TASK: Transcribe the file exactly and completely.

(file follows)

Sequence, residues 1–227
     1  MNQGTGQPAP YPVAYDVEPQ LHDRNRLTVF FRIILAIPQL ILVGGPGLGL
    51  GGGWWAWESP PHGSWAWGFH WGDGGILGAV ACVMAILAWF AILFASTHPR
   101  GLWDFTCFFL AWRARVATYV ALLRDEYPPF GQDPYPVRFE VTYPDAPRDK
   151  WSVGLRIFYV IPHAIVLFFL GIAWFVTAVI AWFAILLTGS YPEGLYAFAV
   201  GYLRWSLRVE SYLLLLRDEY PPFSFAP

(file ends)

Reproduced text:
Sequence, residues 1–227
     1  MNQGTGQPAP YPVAYDVEPQ LHDRNRLTVF FRIILAIPQL ILVGGPGLGL
    51  GGGWWAWESP PHGSWAWGFH WGDGGILGAV ACVMAILAWF AILFASTHPR
   101  GLWDFTCFFL AWRARVATYV ALLRDEYPPF GQDPYPVRFE VTYPDAPRDK
   151  WSVGLRIFYV IPHAIVLFFL GIAWFVTAVI AWFAILLTGS YPEGLYAFAV
   201  GYLRWSLRVE SYLLLLRDEY PPFSFAP